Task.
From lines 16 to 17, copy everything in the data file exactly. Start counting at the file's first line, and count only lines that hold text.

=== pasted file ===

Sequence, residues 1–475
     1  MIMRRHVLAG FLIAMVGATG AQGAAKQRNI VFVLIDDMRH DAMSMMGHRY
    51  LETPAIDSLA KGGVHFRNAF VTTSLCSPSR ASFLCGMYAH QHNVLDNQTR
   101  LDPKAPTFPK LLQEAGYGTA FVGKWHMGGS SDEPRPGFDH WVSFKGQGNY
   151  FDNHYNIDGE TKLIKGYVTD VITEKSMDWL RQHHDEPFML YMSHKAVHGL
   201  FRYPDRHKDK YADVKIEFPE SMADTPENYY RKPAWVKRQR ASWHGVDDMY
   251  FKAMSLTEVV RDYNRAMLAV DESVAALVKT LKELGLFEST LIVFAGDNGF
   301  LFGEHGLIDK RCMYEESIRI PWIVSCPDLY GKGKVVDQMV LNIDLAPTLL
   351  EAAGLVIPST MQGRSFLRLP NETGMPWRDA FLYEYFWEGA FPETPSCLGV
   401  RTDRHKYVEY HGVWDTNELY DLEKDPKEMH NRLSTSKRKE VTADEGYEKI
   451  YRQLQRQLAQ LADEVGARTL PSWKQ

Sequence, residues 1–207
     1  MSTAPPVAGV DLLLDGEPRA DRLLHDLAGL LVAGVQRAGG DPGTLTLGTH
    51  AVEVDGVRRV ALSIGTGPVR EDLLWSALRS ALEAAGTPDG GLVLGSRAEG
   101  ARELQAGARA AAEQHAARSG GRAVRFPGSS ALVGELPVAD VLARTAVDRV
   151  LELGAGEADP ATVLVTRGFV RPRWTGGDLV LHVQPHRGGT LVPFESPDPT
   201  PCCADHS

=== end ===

   151  LELGAGEADP ATVLVTRGFV RPRWTGGDLV LHVQPHRGGT LVPFESPDPT
   201  PCCADHS